MATERIALS AND METHODS: International and Thai databases were searched from inception to February 2017. Clinical trials investigating effects of PM menopausal or postmenopausal women were included. Outcomes were self-reported menopausal symptoms, serum reproductive hormones, urino-genital tract function, and bone surrogates. Methodological quality was assessed by Cochrane risk-of-bias v2.0, and a 22-parameter quality score based on the CONSORT checklist for herbal medicines.
RESULTS: Eight studies (9 articles) used data from 309 menopausal patients. Five-studies demonstrated that PM was associated with climacteric scores reduced by ~50% compared to baseline. Other PM studies using limited numbers of placebo participants suggested improved vaginal and other urogenital tract symptoms. Bone alkaline phosphatase halved (suggesting lowered bone turnover). Variable serum reproductive hormone levels suggested menopausal status differed between studies. PM active ingredients and sources were not defined. Adverse event rates (mastodynia, vaginal spotting, dizziness) were similar in all groups (PM, conjugated equine estrogen, and placebos) but serum C-reactive protein doubled. These studies had design and reporting deficiencies, high risks of biases, and low quality scores.
CONCLUSIONS: The efficacy of PM on menopausal symptoms remains inconclusive because of methodological short-comings especially placebo effects inherent in self-assessment/recall questionnaires and no PM standardization. PM efficacy and safety need a fundamental re-appraisal by: (i) cohort (retro- and prospective) studies on current users to define its traditional use for rejuvenation; (ii) tightly coupling long-term efficacy to safety of well-defined PM and multiple end-points; (iii) using study design related to current understanding of menopause progression and estrogen pharmacology (iv) robust pharmacovigilance.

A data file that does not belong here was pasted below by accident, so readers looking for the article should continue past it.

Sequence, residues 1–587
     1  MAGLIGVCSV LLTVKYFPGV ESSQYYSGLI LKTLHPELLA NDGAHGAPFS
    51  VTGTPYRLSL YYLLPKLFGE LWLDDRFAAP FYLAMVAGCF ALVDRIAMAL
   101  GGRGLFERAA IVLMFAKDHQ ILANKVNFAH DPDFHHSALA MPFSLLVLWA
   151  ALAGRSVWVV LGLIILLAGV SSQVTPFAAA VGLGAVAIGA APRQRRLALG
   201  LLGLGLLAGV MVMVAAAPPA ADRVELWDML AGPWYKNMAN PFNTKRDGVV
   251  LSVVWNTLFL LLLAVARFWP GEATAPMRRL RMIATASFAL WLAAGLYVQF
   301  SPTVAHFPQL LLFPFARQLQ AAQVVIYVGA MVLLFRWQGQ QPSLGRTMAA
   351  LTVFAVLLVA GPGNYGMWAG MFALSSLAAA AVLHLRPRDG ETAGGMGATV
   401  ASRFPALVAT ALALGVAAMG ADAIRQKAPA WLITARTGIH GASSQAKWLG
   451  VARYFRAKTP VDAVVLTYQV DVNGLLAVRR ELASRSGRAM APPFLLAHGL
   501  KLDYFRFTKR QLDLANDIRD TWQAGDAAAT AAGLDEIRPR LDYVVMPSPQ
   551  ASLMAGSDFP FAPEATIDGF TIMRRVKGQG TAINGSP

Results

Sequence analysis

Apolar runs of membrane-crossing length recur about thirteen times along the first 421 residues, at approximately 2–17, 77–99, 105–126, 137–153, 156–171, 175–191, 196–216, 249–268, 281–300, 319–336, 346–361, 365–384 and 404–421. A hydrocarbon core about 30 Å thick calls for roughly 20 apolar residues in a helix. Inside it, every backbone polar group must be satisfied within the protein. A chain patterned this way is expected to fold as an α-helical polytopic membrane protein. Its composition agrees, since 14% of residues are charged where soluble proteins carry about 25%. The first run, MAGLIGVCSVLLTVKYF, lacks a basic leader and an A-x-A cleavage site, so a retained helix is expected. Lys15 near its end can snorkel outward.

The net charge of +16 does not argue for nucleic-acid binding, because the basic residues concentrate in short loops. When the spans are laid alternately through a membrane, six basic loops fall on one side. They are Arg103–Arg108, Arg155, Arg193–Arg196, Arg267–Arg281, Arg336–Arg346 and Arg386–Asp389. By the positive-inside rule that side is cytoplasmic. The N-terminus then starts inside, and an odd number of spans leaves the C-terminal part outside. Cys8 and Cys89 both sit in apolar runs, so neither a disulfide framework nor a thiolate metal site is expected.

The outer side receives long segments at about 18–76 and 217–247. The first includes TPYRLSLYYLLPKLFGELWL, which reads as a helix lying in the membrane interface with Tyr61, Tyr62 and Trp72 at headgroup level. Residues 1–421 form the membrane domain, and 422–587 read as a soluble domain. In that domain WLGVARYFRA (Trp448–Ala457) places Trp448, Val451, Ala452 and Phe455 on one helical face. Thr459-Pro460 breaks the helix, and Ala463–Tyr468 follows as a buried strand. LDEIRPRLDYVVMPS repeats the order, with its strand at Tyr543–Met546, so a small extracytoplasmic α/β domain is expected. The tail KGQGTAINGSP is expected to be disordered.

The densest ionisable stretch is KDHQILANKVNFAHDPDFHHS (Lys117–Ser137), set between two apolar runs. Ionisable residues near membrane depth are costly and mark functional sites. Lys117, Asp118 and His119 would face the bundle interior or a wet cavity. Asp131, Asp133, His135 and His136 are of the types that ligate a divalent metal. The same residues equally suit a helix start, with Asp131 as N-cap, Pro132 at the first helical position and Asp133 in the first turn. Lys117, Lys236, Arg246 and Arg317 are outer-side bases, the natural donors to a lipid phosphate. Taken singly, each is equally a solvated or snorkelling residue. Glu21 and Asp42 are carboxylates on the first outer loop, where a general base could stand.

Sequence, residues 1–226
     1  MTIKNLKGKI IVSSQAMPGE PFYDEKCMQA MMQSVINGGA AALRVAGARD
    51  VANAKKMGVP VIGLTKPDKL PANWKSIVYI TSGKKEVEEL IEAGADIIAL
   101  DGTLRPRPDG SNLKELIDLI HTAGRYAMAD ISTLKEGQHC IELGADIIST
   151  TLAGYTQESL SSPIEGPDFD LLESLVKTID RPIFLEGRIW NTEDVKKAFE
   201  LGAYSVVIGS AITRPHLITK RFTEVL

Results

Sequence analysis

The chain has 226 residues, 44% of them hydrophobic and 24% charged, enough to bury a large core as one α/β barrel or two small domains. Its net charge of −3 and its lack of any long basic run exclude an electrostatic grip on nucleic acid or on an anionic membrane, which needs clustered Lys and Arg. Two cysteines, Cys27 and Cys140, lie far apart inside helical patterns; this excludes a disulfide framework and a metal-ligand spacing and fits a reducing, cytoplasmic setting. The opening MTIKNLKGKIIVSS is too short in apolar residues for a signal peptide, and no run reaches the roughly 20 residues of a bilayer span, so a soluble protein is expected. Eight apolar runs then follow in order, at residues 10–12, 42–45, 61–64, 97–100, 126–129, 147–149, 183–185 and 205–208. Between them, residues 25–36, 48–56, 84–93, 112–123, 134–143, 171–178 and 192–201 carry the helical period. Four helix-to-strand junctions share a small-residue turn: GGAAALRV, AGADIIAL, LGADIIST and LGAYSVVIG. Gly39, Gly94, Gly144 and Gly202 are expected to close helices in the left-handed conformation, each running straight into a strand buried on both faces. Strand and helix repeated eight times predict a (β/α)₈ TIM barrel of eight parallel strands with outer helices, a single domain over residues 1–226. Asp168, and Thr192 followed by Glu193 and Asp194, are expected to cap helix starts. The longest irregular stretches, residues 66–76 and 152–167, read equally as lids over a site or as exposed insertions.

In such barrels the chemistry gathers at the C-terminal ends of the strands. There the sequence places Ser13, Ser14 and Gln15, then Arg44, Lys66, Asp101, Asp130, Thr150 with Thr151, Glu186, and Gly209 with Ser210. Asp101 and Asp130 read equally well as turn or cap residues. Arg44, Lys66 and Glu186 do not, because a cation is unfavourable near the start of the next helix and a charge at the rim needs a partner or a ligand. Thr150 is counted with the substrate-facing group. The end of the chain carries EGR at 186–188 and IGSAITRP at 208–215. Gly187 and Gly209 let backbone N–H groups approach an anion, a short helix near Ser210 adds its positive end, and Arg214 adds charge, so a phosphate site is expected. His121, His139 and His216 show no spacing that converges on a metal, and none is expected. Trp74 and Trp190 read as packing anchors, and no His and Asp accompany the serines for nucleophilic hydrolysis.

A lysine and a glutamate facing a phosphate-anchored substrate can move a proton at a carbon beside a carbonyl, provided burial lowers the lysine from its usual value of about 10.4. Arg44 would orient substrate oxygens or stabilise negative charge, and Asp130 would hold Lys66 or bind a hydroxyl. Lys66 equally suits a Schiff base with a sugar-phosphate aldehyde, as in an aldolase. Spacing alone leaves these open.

OBJECTIVE: Previously published findings showed that phytoestrogens could relieve menopausal complaints, thus, the present review was aimed at assessing the effects of phytoestrogens on thermoregulatory mechanism during menopausal transition.
RESULTS: The molecular mechanisms underlying hot flashes are complex. Oestrogen fluctuations cause hypothalamic thermoregulatory centre dysfunction, which leads to hot flashes during menopause. The phytoestrogens of interest, in relation to human health, include isoflavones, lignans, coumestans, and stilbenes, which are widely distributed in nature. The phytoestrogens are capable of reducing hot flashes via their oestrogen-like hormone actions. The potential effects of phytoestrogens on hot flashes and their molecular mechanisms of action on thermoregulatory centre are discussed in this review.
CONCLUSION: The effects of phytoestrogens on these mechanisms may help explain their beneficial effects in alleviating hot flashes and other menopausal discomforts.